HL Deb 20 August 1860 vol 160 cc1573-4

moved, to Resolve That, inasmuch as the Peace Preservation (Ireland) Act, 1856, will expire at the Close of the present Session of Parliament if not continued by the said Bill, the Circumstances which re- quire Legislation on this Subject appear to this House to be of such real Urgency as to render the immediate Consideration of the same necessary.

Order for the Second Reading rend.

Moved, That the Bill be now read 2a.


disapproved the scheme for raising police officers to the rank of stipendiary magistrates, which he thought would prove detrimental to the efficiency of the service, and hoped the Government would reconsider their determination.


believed that the selections, if judiciously made, would add to the magistracy of Ireland many efficient and valuable members; but, in order to enable the new stipendiary magistrates to act with firmness and impartiality, and to give weight to their decisions, it was imperative that they should meet the gentlemen with whom they would be called on to associate on a footing of entire social equality. If carefully selected, and, above all, if legally competent, they would be treated not only as equals, but in most instances their experience would cause them to be looked up to as guides. He therefore deprecated most earnestly the elevation to the bench of officers who had risen from the ranks. He by no means wished to curtail the rewards to which deserving members of the force entitled themselves, but their promotions should not be made at the risk of disorganizing the bench.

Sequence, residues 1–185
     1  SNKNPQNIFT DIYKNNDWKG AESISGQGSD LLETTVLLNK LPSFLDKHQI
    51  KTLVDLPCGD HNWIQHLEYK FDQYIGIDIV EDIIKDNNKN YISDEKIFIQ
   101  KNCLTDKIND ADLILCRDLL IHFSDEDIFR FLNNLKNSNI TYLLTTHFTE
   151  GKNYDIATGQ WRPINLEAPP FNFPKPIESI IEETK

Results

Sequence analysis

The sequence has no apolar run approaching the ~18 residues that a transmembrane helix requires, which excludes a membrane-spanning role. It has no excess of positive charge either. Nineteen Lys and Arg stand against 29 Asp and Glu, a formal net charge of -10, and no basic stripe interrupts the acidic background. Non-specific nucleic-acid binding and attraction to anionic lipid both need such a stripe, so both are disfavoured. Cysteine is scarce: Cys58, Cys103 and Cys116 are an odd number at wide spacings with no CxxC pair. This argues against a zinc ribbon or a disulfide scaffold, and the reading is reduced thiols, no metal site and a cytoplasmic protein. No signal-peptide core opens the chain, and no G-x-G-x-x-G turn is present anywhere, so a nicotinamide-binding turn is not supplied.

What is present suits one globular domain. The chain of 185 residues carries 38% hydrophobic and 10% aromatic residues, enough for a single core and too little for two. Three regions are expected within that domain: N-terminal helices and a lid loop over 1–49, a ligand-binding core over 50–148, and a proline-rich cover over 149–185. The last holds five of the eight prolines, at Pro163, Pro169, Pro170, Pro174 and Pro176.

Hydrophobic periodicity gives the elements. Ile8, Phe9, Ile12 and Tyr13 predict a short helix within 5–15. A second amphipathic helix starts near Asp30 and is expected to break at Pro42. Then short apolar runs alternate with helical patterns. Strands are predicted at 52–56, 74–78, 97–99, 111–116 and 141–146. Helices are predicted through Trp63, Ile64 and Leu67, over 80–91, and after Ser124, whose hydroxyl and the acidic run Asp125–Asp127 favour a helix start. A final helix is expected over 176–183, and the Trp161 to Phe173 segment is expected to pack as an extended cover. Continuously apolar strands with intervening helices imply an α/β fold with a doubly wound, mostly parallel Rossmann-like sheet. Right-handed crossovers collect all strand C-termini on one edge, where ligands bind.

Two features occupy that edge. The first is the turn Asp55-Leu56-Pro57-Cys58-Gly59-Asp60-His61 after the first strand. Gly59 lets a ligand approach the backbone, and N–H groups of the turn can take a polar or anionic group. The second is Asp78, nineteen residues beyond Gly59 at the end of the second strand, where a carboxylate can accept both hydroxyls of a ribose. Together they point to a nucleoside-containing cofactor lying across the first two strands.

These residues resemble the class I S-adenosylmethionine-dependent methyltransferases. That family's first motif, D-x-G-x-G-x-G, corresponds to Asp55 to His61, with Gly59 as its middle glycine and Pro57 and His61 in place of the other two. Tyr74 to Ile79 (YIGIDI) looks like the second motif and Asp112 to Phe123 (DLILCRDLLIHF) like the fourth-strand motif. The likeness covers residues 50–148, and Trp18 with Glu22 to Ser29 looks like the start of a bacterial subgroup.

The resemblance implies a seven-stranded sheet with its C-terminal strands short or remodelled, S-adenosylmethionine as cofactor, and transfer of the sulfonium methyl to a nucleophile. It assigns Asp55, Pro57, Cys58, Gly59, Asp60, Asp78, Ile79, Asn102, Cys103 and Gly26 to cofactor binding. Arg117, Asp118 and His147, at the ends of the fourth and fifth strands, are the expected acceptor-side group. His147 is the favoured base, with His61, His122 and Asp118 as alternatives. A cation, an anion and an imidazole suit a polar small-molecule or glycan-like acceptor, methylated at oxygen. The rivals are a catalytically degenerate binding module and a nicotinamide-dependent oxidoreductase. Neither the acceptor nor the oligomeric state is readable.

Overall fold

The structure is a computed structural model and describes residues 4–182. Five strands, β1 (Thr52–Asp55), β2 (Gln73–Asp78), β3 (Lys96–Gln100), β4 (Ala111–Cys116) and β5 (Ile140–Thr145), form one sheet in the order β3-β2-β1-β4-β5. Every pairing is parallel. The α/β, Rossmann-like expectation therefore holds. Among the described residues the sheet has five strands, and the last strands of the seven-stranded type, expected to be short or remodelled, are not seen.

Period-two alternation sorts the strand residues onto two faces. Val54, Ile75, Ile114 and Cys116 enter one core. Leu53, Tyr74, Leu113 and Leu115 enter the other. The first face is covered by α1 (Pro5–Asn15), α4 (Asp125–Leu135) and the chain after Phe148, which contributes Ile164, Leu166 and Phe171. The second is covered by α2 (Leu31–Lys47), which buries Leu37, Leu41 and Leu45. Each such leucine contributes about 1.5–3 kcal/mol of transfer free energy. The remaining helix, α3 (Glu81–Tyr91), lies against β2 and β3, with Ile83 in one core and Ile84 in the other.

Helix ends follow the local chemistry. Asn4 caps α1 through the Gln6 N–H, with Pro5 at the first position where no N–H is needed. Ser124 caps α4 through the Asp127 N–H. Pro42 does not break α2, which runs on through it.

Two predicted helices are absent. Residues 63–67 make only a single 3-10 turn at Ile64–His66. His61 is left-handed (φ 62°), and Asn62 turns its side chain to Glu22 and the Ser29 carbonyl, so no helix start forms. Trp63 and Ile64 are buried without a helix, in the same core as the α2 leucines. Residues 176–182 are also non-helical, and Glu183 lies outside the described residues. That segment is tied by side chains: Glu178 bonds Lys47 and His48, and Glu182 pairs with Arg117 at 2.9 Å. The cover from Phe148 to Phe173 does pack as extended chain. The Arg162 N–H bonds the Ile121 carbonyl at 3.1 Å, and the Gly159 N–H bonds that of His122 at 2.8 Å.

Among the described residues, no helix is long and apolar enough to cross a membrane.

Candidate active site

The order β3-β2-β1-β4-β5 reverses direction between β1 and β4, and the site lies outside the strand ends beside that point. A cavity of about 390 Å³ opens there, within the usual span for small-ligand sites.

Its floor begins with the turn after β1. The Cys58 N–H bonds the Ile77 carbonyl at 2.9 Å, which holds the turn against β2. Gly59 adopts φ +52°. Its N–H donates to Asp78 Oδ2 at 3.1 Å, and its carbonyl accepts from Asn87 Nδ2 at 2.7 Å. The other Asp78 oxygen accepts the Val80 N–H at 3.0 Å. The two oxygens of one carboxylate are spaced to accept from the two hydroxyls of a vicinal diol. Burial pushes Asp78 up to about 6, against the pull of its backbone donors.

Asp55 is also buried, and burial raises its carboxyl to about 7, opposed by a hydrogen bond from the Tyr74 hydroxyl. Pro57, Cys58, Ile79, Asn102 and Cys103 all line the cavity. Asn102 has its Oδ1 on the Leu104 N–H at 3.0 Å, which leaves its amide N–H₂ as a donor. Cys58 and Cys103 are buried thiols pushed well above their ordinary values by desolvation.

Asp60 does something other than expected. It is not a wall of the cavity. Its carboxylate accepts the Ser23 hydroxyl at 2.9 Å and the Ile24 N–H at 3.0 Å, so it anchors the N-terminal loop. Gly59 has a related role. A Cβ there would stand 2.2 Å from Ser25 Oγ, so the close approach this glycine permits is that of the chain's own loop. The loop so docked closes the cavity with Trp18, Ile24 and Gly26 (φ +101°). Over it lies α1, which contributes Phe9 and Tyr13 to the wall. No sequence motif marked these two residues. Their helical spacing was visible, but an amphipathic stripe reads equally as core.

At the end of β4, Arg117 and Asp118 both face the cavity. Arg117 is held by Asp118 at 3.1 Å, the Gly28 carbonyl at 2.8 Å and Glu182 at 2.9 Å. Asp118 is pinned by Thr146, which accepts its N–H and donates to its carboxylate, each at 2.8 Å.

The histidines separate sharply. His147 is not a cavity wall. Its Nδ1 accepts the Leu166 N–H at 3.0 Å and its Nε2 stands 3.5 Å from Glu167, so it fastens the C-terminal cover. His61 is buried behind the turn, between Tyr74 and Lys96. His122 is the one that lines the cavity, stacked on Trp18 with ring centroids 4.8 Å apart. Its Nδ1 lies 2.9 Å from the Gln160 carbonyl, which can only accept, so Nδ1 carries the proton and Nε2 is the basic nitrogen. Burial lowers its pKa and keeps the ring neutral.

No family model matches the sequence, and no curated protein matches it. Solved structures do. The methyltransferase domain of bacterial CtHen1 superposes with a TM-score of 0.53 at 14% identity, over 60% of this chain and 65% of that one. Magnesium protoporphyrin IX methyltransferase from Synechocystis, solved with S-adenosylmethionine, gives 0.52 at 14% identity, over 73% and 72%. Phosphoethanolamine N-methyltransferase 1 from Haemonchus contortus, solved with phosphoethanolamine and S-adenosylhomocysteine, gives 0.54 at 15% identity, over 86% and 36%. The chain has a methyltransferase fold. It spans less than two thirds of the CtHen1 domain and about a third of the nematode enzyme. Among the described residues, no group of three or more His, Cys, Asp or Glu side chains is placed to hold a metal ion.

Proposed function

said, his experience led him to dissent from the apprehensions entertained relative to the results of promotions from among the officers of the constabulary. He had known gentlemen who formerly held commissions in that force and afterwards made excellent magistrates, their appointments giving general satisfaction. In the county of Carlow particularly, where from difference of religious and political opinion it was of consequence to appoint a person of great discretion,—he might say, a picked man,—an officer of constabulary had been last year selected by the Lord lieutenant of the county, and had since discharged his duties in an admirable manner.

Motion agreed to; Bill read 2a accordingly, and committed to a Committee of the Whole House on Thursday next.